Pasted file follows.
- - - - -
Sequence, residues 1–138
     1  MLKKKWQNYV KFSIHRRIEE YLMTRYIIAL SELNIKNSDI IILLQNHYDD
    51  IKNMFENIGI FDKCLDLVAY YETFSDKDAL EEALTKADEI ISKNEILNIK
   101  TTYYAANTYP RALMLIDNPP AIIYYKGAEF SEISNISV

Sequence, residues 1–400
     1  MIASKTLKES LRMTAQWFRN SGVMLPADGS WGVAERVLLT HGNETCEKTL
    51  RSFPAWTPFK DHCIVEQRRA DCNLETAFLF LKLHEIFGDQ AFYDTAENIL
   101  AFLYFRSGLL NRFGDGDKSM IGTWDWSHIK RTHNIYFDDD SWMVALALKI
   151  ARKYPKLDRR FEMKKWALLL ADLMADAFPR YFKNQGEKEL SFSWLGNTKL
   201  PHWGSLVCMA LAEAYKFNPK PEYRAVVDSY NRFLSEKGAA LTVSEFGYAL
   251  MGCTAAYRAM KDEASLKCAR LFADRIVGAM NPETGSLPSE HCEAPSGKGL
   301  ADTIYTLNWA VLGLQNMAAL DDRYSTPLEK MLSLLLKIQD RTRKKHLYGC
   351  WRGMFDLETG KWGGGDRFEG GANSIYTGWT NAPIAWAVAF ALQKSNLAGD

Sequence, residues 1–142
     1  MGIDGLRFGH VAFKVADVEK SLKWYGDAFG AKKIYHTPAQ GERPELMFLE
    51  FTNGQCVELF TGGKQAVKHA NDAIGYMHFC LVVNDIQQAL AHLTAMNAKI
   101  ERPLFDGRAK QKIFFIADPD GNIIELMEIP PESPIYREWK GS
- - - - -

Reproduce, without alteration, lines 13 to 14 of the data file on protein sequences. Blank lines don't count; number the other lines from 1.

   351  WRGMFDLETG KWGGGDRFEG GANSIYTGWT NAPIAWAVAF ALQKSNLAGD

Sequence, residues 1–142